Paul v. Virginia

United States Supreme Court

75 U.S. 168

Paul  v.  Virginia

ERROR to the Supreme Court of Appeals of the State of Virginia. The case was thus:

An act of the legislature of Virginia, passed on the 3d of February, 1866, provided that no insurance company, not incorporated under the laws of the State, should carry on its business within the State without previously obtaining a license for that purpose; and that it should not receive such license until it had deposited with the treasurer of the State bonds of a specified character, to an amount varying from thirty to fifty thousand dollars, according to the extent of the capital employed. The bonds to be deposited were to consist of six per cent. bonds of the State, or other bonds of public corporations guaranteed by the State, or bonds of individuals, residents of the State, executed for money lent or debts contracted after the passage of the act, bearing not less than six per cent. per annum interest.

A subsequent act passed during the same month declared that no person should, 'without a license authorized by law, act as agent for any foreign insurance company' under a penalty of not less than $50 nor exceeding $500 for each offence; and that every person offering to issue, or making any contract or policy of insurance for any company created or incorporated elsewhere than in the State, should be regarded as an agent of a foreign insurance company.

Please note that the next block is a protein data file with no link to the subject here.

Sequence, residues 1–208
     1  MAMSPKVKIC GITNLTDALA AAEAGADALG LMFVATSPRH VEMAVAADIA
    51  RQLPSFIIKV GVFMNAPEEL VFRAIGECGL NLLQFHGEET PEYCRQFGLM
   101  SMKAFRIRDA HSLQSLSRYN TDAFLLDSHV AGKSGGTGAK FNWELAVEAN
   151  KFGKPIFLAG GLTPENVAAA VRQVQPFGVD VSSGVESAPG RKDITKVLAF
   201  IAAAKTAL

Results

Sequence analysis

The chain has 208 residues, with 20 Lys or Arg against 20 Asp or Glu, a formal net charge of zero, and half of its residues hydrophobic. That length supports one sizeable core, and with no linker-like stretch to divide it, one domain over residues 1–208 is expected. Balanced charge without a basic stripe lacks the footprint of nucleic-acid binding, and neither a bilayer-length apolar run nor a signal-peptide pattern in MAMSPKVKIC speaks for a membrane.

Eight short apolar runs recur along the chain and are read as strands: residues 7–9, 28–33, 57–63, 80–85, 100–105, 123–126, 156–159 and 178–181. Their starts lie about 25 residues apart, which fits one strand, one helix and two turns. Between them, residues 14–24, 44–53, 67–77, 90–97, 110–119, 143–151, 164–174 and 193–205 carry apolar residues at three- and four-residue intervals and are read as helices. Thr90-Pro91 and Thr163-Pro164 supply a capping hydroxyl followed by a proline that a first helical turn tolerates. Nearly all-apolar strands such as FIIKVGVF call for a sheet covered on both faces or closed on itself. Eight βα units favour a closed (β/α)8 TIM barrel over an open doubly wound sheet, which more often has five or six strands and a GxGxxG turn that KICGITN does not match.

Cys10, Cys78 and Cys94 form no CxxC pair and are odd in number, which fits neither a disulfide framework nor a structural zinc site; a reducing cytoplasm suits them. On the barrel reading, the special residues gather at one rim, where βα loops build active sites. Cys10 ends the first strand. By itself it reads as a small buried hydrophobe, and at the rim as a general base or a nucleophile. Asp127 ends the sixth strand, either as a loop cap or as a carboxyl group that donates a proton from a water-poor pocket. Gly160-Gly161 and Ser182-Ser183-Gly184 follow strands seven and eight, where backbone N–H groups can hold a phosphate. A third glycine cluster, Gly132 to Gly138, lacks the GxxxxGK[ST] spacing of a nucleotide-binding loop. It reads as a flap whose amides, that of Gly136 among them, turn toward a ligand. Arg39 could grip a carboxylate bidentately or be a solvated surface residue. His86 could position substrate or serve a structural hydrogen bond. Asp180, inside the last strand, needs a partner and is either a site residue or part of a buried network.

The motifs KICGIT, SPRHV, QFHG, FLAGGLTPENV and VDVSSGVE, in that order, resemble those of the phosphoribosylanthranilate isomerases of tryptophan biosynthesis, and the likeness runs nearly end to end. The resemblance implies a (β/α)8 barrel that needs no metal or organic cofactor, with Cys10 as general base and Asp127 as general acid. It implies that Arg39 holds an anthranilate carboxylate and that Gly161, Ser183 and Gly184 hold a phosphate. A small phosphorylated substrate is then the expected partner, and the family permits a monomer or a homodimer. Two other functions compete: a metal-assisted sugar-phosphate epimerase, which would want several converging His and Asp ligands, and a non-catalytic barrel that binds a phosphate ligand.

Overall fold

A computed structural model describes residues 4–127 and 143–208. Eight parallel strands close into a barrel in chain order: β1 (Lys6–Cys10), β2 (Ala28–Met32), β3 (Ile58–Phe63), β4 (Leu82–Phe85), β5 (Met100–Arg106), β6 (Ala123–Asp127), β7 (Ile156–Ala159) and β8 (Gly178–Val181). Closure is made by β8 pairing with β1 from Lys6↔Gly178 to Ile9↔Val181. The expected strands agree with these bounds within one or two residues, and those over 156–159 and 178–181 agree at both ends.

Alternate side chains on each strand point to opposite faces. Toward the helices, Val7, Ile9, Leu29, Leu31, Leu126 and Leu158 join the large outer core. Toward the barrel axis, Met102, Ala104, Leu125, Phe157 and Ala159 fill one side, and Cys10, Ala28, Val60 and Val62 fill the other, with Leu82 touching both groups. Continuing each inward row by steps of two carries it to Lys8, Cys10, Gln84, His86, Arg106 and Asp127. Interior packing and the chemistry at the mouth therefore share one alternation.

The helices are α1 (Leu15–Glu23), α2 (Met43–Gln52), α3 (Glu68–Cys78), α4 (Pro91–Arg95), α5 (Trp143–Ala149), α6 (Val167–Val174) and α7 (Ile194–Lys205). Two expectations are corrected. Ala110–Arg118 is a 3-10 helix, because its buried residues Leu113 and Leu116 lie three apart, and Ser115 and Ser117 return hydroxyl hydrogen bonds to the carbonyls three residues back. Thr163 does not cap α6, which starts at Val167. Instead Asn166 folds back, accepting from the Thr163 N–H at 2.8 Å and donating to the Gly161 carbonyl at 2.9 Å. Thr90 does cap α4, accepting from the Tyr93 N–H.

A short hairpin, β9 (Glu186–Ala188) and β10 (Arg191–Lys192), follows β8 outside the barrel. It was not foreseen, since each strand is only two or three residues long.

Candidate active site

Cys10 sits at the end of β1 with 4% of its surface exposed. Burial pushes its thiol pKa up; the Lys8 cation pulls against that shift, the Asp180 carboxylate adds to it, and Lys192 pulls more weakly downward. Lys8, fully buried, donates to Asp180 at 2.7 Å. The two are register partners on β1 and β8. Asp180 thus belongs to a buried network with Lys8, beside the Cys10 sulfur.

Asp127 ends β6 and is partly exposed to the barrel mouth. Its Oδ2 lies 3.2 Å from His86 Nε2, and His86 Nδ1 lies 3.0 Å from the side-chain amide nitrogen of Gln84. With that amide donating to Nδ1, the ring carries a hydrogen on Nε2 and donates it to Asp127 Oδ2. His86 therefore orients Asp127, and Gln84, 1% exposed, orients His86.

In May, 1866, Samuel Paul, a resident of the State of Virginia, was appointed the agent of several insurance companies, incorporated in the State of New York, to carry on the general business of insurance against fire; and in pursuance of the law of Virginia, he filed with the auditor of public accounts of the State his authority from the companies to act as their agent. He then applied to the proper officer of the district for a license to act as such agent within the State, offering at the time to comply with all the requirements of the statute respecting foreign insurance companies, including a tender of the license tax, excepting the provisions requiring a deposit of bonds with the treasurer of the State, and the production to the officer of the treasurer's receipt. With these provisions neither he nor the companies represented by him complied, and on that ground alone the license was refused. Notwithstanding this refusal lCircuit Court of the city of Petersburg, the New York companies without any license, and offered to issue policies of insurance in their behalf, and in one instance did issue a policy in their name to a citizen of Virginia. For this violation of the statute he was indicted, and convicted in the Circuit Court of the city of Petersburg, and was sentenced to pay a fine of fifty dollars. On error to the Supreme Court of Appeals of the State, this judgment was affirmed, and the case was brought to this court under the 25th section of the Judiciary Act, the ground of the writ of error being that the judgment below was against a right set up under that clause of the Constitution of the United States, [1] which provides that 'the citizens of each State shall be entitled to all the privileges and immunities of citizens in the several States;' and that clause [2] giving to Congress power 'to regulate commerce with foreign nations, and among the several States.'